French resistance: Chief winemaker Cliff Royle was fighting Cape Mentelle over the use of the name "Wallcliffe" on Flametree's chardonnay label.
What's in a name? A lot of angst. Cape Mentelle has backed down in a debate over the use of the name Wallcliffe. The row almost split the Margaret River wine community.
Cape Mentelle, owned by French wine and luxury goods company Louis Vuitton Moet Hennessy, began legal action against Flametree this year for breach of trademark over the use of the Wallcliffe name on its labels. Cape Mentelle has named its premium sauvignon blanc semillon Wallcliffe since 1999. Flametree has used the name on its SRS Wallcliffe chardonnay since 2010.
The argument divided the fashionable West Australian region, famous for its powerful chardonnays, long-lived cabernets and user-friendly semillon sauvignon blancs.
Flametree SRS chardonnay 2010.
But on April 17 Cape Mentelle relented, saying it would no longer pursue wineries using the Wallcliffe name on their labels - pending further deliberations on Margaret River sub-regions.
Cape Mentelle has three names that include the word Wallcliffe registered as trademarks, and was trying to register the stand-alone name. But others in the region say Wallcliffe is the name of a locality and shouldn't be the property of any one winery.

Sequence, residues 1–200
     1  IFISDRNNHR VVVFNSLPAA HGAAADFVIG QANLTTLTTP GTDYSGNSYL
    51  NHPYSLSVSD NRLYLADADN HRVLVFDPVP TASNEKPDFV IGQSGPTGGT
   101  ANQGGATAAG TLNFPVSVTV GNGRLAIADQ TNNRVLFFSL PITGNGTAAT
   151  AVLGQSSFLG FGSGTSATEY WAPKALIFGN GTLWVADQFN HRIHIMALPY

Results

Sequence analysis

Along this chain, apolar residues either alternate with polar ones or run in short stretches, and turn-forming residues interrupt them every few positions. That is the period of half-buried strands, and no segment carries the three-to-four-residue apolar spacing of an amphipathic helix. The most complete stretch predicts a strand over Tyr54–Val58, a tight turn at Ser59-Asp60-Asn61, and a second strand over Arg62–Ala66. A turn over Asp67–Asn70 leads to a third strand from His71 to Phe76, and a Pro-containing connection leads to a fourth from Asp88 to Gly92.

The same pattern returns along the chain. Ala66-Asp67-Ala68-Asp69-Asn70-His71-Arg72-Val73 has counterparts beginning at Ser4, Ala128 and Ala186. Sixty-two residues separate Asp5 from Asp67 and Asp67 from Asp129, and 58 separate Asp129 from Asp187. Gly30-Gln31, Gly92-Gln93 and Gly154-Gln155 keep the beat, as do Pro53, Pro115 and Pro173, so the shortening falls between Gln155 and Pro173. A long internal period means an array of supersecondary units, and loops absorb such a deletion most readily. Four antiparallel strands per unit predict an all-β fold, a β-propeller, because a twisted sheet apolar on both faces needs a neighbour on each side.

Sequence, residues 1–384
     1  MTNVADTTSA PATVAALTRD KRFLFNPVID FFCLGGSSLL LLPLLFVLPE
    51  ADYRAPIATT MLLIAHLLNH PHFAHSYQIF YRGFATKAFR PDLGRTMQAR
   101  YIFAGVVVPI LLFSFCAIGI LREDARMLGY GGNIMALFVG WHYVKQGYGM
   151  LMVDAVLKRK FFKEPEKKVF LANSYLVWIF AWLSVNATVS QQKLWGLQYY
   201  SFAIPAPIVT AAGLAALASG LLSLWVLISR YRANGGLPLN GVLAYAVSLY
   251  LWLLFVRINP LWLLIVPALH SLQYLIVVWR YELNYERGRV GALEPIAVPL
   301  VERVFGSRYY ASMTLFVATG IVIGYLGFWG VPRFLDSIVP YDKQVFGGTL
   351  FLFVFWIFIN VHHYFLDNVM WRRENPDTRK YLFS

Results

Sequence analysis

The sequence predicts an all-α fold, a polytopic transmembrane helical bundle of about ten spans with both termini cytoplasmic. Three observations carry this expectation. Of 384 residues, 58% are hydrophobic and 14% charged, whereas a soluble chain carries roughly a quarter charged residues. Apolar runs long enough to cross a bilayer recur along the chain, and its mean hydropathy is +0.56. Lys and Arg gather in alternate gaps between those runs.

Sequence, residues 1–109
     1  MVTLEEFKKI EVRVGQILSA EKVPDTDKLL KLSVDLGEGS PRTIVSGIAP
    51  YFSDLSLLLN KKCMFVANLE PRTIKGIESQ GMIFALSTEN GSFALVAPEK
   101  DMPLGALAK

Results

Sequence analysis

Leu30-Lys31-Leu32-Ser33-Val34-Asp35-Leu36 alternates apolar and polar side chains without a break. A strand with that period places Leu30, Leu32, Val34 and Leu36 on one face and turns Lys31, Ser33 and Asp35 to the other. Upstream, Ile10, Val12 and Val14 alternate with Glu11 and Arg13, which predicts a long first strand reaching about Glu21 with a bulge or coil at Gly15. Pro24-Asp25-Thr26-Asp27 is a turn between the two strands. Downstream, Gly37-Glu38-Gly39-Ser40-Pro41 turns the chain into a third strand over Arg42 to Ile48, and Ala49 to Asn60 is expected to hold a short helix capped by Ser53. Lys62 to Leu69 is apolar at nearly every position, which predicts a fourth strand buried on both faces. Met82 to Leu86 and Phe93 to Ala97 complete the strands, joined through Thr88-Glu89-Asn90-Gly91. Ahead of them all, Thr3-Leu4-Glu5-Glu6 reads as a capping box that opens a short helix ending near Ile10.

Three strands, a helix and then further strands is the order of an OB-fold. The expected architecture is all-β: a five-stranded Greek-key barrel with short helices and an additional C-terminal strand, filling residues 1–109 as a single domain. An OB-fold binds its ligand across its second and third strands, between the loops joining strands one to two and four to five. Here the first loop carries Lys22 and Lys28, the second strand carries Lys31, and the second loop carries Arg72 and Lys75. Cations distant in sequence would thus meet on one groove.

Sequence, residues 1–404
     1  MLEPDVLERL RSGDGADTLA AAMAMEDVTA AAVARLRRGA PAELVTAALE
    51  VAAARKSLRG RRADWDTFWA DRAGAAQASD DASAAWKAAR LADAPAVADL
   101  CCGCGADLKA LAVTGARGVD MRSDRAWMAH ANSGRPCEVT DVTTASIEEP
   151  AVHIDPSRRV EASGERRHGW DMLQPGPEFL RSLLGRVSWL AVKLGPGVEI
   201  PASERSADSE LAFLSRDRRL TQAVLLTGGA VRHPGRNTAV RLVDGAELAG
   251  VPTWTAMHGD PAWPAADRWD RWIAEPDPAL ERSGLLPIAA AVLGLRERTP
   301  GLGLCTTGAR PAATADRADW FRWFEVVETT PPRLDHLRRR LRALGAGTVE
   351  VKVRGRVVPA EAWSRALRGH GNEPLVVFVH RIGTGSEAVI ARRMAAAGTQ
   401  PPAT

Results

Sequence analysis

A lively meeting of the Margaret River Wine Association was held on March 27 at which the mood was strongly anti-Cape Mentelle's position, which was widely seen as aggressive and confrontational.
Cape Mentelle 2010 Wallcliffs sauvignon blanc-semillon.
Then Cape Mentelle issued a statement on April 17, which said in part:
"Given the reactions voiced during the association meeting, Cape Mentelle has decided not to pursue wine companies who reference Wallcliffe on their labels for breach of trademark. Our recommendation to producers considering the adoption of the term on wine labels is to wait until such time as the sub-regions are further defined and legally adopted through formal registration with the Australian Wine & Brandy Corporation through existing protocols, a process in which we intend to actively take part."
Flametree chief winemaker and general manager Cliff Royle interprets this as meaning Cape Mentelle will drop its legal action against Flametree. The move has been welcomed as conciliatory. It should see the temperature under various people's collars cooling.
So how did the debate begin in the first place?
Wallcliffe is the name of Cape Mentelle's original vineyard in front of its winery.
The father of Cape Mentelle founder David Hohnen first bought land in the region in 1965 - a property named Wallcliffe Farm. The first plantings at Cape Mentelle were in 1970 and the original vineyard, in front of the winery, has been known as the Wallcliffe vineyard since the '70s. Wallcliffe House, built by the pioneering Bussell family in 1865, was also owned by a member of the Hohnen family.
In 1999-2000 Cape Mentelle registered the trademarks Wallcliffe Vineyard, Wallcliffe Winery and Wallcliffe Estate. But not the name Wallcliffe itself.